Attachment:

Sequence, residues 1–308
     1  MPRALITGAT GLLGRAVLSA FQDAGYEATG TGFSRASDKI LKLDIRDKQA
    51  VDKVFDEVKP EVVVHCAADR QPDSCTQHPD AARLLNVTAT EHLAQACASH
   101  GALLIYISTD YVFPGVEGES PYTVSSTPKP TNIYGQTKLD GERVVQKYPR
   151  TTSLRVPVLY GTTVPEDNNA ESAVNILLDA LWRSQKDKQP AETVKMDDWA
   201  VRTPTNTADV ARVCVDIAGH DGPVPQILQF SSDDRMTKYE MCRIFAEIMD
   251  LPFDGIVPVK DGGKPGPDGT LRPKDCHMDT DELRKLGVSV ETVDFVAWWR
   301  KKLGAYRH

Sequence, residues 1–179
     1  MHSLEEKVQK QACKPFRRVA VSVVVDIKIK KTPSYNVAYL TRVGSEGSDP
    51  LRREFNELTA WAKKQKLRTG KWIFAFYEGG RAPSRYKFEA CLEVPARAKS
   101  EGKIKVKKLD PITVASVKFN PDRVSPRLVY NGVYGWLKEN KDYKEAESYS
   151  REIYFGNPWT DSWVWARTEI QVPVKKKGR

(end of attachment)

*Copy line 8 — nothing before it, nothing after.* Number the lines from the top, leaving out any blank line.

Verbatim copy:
   301  KKLGAYRH